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Gay Christian’s church forced him to undergo ‘traumatic’ exorcism

“They told me to speak to the demons of homosexuality in my life like I was speaking to a wild dog and tell them to go away from me."

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By Douglas Whitbread via SWNS

A devout gay Christian claims he underwent a “traumatic” exorcism at his local church - where he was forced to confront the “demons” of his homosexuality.

Matthew Drapper, 34, said he was “pressured” into the chilling ritual while undertaking a leadership course at St Thomas Philadelphia church in Sheffield, England.

The hotel manager said he’d joined the church, which has Anglican and Baptist roots, as a way to cope with coming out as gay to his “extremist” Christian parents.

But he alleged that religious leaders viewed his sexuality as “unhealthy” and convinced him over the course of a year to take part in the terrifying prayer ceremony.

Matthew said he agreed to undergo the disturbing ritual – which left him “exposed and scared” – fearing that he’d lose his position in the church if he refused.

He said: “I felt like if this didn’t work, then I didn’t have a life going forward, so there was a desperation to it.

“They told me to speak to the demons of homosexuality in my life like I was speaking to a wild dog and tell them to go away from me.

“They said they could see them going out the window of the room we were in, so it’s a really highly stressful situation.

He added: “Immediately afterward, I felt very exposed and scared, and very unable to connect with how I felt about things.”

Matthew – who grew up in an extreme Christian “cult” – said that he joined the church in September 2013 after he came out as gay to his family at the age of 25.

Matthew Drapper, a devoutly Christian gay man is still seeking justice after his ordeal. (Matthew Drapper via SWNS)

He said: “At that point my extremist Christian belief was that I couldn’t date or have any sort of family – that I had to choose between being a Christian and a gay person.

“So because of that, I decided I would find a church to volunteer with and give my life to god instead of a relationship.”

Matthew claims that leaders at the church promoted gay conversion, a practice where individuals are forced to suppress their sexuality, often through rituals.

He said: “They saw being gay as unhealthy, almost like a disability, and you could change to being straight through prayer, so it was very much in the environment.

“Various leaders spoke to me saying this was something I could potentially do.”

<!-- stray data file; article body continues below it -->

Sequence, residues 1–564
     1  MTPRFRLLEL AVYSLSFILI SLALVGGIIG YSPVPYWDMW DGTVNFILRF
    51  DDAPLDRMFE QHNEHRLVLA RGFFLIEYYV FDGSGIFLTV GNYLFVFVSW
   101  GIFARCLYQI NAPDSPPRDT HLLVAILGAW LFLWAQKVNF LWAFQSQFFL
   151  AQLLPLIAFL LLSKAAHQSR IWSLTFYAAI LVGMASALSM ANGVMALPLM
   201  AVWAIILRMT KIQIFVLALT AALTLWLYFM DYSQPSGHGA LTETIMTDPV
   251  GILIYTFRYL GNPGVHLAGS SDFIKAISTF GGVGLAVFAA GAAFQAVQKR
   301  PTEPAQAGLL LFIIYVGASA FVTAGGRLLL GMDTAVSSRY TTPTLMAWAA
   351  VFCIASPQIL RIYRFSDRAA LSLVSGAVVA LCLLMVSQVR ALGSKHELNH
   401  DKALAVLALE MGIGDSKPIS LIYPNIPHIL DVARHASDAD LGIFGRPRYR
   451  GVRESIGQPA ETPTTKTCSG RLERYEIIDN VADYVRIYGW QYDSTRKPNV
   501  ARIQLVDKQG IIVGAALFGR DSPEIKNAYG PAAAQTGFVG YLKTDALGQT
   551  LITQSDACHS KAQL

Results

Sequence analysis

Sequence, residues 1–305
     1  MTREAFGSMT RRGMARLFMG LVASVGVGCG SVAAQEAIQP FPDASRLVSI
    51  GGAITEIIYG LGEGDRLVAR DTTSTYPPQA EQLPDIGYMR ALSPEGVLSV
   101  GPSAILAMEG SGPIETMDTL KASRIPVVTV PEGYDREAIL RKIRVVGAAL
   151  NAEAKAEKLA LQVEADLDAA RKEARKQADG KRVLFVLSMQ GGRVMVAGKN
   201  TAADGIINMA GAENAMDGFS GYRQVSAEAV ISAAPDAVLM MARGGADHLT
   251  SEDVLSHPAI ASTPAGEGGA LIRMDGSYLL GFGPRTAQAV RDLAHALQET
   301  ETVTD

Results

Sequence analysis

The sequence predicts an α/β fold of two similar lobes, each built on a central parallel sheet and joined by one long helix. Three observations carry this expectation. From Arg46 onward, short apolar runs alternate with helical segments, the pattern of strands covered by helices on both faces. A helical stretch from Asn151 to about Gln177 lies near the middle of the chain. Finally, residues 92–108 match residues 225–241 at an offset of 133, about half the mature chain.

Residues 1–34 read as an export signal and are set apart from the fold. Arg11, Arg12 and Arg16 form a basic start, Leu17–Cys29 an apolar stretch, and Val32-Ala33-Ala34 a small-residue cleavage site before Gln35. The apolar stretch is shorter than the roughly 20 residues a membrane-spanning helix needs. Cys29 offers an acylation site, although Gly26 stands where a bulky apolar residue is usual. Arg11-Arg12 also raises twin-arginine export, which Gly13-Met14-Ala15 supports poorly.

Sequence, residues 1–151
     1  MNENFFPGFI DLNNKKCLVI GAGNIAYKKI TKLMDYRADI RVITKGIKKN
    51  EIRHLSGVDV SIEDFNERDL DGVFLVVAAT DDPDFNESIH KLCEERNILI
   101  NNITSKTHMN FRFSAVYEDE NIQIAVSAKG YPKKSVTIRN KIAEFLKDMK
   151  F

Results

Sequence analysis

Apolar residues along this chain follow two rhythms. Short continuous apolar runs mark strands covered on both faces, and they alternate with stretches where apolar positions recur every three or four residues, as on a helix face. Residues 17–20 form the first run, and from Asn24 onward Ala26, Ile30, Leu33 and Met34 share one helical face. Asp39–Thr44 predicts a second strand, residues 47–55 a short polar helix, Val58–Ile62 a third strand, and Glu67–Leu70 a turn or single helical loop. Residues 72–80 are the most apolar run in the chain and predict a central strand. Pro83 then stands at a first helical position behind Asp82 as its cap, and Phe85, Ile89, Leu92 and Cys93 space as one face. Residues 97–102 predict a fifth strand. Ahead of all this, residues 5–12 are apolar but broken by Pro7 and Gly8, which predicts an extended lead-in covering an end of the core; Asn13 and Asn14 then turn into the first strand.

Matthew finally agreed to undergo the exorcism on a prayer weekend, between February 14 and 15, 2014, believing he would be cast out of the church if he didn’t comply with the ritual.

He said: “By the time we got around to the weekend of prayer, I was kind of like 'This is a last resort.'

“We all had a thirty-minute slot to sit down with a couple of older members of the church who led us through prayers.

“It kind of felt like the evil in the room just built up. You could kind of feel it around you."

He added: “I had a very physical reaction to the things I was saying about myself. I understand that now as a trauma reaction.”

Matthew left the church following the experience briefly, and for a time said he felt concerned he wouldn’t be able to form a “crush” on a man again.

But slowly, he began to reconcile his sexuality with his faith and rejoined after telling the leaders he wanted their policies to change so that they could accommodate him.

Two years later, when Matthew told the church he wanted to start dating, he was finally informed that he was not welcome as a volunteer anymore, leaving him “devasted."

When he made his first official complaint about the exorcism to the church in November 2019, he said the board of directors dismissed his concerns.

He then sent further responses and even hand-delivered letters to the leaders but said he was “totally ghosted” after these attempts to reach out.

He subsequently contacted the Sheffield Diocese’s safeguarding team, who now say they’ve launched an investigation into his complaint.

When approached for comment, the Ven Malcolm Chamberlain, Bishop’s Lead in Safeguarding said: “We are responding to Mr. Drapper’s complaint according to Church of England safeguarding practice guidance, and regret the length of time it has taken to reach a satisfactory conclusion.

“Nevertheless, we have sought to keep Mr. Drapper informed at all stages of our investigation and have commissioned a fully independent review of this case, with Mr. Drapper’s agreement.

“The Diocese of Sheffield believes, along with the wider Church of England, that Conversion Therapy is unethical, potentially harmful and has no place in the modern world.”

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